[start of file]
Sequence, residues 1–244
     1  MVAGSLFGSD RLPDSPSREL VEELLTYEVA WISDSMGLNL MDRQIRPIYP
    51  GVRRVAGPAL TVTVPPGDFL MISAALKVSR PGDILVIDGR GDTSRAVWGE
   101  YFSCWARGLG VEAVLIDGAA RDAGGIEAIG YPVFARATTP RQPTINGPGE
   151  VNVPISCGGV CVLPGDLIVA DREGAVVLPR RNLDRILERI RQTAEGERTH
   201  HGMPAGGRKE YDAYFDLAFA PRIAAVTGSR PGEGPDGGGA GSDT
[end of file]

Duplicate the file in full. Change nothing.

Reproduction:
Sequence, residues 1–244
     1  MVAGSLFGSD RLPDSPSREL VEELLTYEVA WISDSMGLNL MDRQIRPIYP
    51  GVRRVAGPAL TVTVPPGDFL MISAALKVSR PGDILVIDGR GDTSRAVWGE
   101  YFSCWARGLG VEAVLIDGAA RDAGGIEAIG YPVFARATTP RQPTINGPGE
   151  VNVPISCGGV CVLPGDLIVA DREGAVVLPR RNLDRILERI RQTAEGERTH
   201  HGMPAGGRKE YDAYFDLAFA PRIAAVTGSR PGEGPDGGGA GSDT